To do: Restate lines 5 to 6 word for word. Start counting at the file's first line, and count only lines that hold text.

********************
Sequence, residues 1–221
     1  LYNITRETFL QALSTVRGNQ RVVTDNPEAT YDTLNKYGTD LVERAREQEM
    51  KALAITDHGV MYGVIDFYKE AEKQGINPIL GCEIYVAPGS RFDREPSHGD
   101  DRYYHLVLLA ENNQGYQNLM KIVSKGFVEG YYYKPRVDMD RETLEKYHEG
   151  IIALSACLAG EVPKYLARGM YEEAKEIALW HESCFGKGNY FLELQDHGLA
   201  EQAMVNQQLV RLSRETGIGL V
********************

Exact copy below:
   151  IIALSACLAG EVPKYLARGM YEEAKEIALW HESCFGKGNY FLELQDHGLA
   201  EQAMVNQQLV RLSRETGIGL V